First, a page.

Today I attended the debate between UNSW computer scientist Dr Tim Lambert (author of Deltoid blog) and Lord Viscount Christopher Monckton of Brenchley.
The venue was the Hilton Hotel Grand Ballroom, and attendance was about 60% of capacity, that is roughly half the number of people who attended last time I was there, when it was packed to 120% of capacity for the launch of MySpace (remember MySpace? Neither do I…)
At any rate, I am pleased to report that the debate was indeed just that, a real debate, conducted civilly, in front of an attentive and polite crowd, and well moderated by Alan Jones.
It was neither the rabble-rousing denialist circus some feared it would be, nor an embarrassing excursion into Monckton’s many personal foibles. It was instead, a robust, articulate presentation and dissection of the factual content behind Monckton’s denialist propositions. Both speakers were modest, neither hyperbolic, and both approached the question in an open and non-dogmatic fashion.
In two fifteen-minute presentations, each speaker addressed the proposition that “manmade global warming is a real threat”. The substance of the debate hinged, I am happy to say, on a scientific question concerning the degree of climate sensitivity to differing concentrations of CO2. Namely, Monckton has independently calculated a level of climate sensitivity that is lower than the IPCC’s estimate, by a factor of approximately 7-8 times. Dr Lambert showed Monckton’s calculation to be based on a misunderstanding of data provided by a satellite scientist, one Professor Rachel Pinker (2007). Dr. Lambert also showed that Monckton’s thesis depends entirely on the climate sensitivity being a very low estimate, while the other denialist darling, Ian Plimer’s, thesis depends on climate sensitivity being a very high estimate. They cannot both be right, and perhaps both are wrong.
What followed was about 90 minutes of questions from the floor, which again was handled very calmly and coolly by all the proponents. Some of the questions were truly odd, and showed a very low level of understanding of science, and a very high level of paranoia and confusion among the (predominantly old and angry) audience members:
- One gentleman attempted to suggest that, since a lot of the world’s carbon is in the oceans, it is water vapour evapourating from the oceans, and not fossil fuels, that is causing warming (what is causing all that extra evapouration, he didn’t say). Neither proponent had the heart to tell the gentleman that water vapour is made of, well, water, not CO2.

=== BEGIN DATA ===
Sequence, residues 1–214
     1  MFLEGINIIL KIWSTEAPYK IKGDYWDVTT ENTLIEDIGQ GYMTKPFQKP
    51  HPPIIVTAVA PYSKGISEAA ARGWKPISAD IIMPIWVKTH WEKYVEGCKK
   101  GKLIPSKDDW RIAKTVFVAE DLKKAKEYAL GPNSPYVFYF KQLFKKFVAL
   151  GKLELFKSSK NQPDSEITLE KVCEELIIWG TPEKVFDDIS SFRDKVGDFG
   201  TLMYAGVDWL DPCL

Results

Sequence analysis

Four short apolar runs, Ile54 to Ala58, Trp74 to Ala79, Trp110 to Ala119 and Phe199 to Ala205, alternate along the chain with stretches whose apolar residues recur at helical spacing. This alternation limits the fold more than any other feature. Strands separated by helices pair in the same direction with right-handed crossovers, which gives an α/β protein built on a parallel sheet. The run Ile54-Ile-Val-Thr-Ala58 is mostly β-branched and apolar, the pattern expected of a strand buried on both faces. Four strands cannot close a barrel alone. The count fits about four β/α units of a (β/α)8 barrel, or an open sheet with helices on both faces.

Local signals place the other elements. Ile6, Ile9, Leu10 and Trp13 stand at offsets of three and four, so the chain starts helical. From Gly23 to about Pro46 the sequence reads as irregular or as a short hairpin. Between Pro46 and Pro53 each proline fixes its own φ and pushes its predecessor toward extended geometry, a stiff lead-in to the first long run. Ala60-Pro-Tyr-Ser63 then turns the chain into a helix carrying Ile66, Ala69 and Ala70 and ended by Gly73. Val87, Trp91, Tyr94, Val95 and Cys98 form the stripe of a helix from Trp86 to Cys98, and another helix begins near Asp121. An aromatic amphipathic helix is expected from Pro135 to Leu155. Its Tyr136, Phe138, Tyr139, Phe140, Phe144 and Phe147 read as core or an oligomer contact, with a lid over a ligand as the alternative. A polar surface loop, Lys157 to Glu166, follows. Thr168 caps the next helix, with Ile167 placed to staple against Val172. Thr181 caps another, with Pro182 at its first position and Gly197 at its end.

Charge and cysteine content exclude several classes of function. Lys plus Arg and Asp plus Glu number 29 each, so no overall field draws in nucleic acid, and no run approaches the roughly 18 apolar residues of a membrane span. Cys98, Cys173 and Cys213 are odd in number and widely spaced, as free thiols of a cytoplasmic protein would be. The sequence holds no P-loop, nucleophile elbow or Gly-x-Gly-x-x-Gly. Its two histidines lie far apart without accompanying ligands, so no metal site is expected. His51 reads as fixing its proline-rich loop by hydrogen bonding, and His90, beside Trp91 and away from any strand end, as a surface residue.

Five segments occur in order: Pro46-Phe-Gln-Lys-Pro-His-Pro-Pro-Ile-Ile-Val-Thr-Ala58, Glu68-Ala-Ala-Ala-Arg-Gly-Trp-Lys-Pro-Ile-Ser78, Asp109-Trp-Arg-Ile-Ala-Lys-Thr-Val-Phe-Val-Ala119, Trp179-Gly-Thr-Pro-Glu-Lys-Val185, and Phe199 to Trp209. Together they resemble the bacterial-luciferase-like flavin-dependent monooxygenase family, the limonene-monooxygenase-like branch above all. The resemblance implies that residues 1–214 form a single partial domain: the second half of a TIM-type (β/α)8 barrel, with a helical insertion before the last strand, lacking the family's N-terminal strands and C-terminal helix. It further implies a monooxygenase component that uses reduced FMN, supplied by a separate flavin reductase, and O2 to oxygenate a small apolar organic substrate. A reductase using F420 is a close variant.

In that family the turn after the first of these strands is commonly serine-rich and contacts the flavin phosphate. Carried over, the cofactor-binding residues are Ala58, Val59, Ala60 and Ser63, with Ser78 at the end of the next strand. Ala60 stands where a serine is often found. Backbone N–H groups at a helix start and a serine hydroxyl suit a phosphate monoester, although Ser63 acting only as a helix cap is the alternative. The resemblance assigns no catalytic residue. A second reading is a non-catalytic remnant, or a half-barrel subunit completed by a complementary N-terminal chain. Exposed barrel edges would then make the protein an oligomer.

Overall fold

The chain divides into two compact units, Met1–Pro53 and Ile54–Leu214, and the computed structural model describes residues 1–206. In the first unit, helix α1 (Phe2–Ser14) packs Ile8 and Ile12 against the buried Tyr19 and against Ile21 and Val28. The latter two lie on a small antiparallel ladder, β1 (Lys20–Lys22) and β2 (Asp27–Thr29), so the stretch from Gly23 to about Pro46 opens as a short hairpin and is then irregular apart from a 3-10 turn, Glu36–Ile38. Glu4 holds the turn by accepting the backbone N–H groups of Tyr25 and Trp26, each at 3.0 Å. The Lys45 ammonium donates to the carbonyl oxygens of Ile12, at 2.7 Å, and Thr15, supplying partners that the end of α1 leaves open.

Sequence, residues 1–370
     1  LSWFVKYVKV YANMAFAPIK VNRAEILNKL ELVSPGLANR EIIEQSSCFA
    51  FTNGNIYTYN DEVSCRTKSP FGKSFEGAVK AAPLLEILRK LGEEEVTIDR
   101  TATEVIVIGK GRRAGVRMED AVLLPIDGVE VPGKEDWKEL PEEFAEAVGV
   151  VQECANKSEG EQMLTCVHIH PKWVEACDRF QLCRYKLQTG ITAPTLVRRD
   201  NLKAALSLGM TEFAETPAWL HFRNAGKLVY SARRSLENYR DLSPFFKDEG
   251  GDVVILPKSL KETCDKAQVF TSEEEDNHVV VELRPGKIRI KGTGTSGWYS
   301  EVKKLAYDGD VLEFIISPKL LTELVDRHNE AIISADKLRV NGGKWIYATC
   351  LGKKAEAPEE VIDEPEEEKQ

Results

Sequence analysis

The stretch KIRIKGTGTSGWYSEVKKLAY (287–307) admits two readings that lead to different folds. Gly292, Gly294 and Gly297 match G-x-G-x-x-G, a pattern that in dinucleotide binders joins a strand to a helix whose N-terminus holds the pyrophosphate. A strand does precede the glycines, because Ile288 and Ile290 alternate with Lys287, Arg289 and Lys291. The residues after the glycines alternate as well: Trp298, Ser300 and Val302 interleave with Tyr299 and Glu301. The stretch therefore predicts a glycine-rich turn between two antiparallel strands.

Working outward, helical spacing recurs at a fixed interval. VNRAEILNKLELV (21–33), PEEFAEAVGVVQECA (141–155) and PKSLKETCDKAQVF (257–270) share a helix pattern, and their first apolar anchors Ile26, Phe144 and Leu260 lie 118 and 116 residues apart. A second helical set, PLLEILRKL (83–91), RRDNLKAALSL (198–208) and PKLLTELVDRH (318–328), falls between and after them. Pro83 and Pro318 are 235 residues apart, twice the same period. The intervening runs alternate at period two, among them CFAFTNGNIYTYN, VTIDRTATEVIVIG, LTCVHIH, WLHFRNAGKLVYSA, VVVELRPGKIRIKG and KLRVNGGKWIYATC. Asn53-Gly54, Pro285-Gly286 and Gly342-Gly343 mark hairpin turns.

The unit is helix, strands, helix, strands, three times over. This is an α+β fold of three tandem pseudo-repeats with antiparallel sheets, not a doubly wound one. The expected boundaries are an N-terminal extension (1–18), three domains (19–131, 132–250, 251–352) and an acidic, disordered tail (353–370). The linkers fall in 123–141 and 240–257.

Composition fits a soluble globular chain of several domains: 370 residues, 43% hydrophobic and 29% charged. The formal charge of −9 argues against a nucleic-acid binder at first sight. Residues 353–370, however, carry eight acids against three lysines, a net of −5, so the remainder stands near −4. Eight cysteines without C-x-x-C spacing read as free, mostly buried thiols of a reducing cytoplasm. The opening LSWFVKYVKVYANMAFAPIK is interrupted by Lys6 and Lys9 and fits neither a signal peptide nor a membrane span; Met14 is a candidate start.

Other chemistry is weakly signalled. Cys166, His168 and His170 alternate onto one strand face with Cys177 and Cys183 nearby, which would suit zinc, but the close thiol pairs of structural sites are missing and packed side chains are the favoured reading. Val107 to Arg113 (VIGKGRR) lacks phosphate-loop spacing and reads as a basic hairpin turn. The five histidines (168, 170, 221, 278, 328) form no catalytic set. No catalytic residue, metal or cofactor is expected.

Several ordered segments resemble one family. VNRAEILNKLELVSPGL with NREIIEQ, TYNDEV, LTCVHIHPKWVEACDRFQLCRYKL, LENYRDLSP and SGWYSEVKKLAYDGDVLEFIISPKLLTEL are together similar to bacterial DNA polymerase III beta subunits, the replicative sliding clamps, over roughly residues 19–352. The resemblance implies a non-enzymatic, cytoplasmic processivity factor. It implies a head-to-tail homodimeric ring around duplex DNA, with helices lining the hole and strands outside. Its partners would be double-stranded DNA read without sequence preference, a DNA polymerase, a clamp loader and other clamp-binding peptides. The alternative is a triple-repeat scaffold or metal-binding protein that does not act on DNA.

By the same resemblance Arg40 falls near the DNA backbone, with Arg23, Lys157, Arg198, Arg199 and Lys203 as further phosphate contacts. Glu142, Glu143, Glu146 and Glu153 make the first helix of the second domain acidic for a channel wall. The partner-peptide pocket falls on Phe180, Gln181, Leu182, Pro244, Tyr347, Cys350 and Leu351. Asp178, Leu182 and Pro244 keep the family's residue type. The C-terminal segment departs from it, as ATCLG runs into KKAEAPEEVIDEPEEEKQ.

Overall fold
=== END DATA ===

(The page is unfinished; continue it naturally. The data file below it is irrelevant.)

- Another questioner thought that the 1976 international treaty banning weather-control devices (anyone heard of this?) showed that nations already had the technology to control the weather, so why aren’t they using it?
- Another questioner said that our government is being totalitarian about environmental issues, and he lived under Soviet occupation in the former Czechoslovakia, so he should know.
- Another questioner wanted to know whether Dr. Tim Lambert wanted to stop him from procreating with his wife (ewww).
- Another questioner wanted to know if continental drift wasn’t the real driver of sea levels.
Contrary to many who worry about functions like this providing a platform for denialists, I think the debate generated far more light than heat (sic). It is a credit to the way both proponents, and the moderator, and indeed the audience, conducted themselves that it was a fruitful and enlightening discussion.
I think perhaps the most important thing that came out of the debate is that it takes a lot of wind out of denialist sails when they meet a real-life supporter of AGW science and realise that we are not trying to drag civilisation back to the stone age, prevent people from having babies, wreck the economy, keep the developing nations in poverty, or any of the other shibboleths that drive the denialist circus. As Tim Lambert explained to the audience, as a computer scientist, he is first and foremost an engineer, and it is an interesting and important engineering problem to work out how to get as many people as possible enjoying a high standard of living, without trashing the planet in the process. That’s all.
It’s also apparent that many denialists have a huge chip on their shoulder about, apparently, “totalitarian” attempts to shut them down or the “refusal” of the media to cover their activities. This despite the fact that they had a full public debate, in a prime CBD location, with media in attendance, moderated by a top-rating radio host. AFAIK, no brownshirts or greenshirts stormed the Hilton and stopped the debate. We all went out for coffee afterwards.
It never hurts to put a human face on one’s opponents, and this forum did exactly that. The denialist audience (and it was about 95% denialist) saw the human face of AGW science: people grappling with data, wrestling with hard questions, and not trying to take away their ability to fly in aeroplanes or have babies. For that reason, I think that today science and understanding were the winners, and so really, everybody won.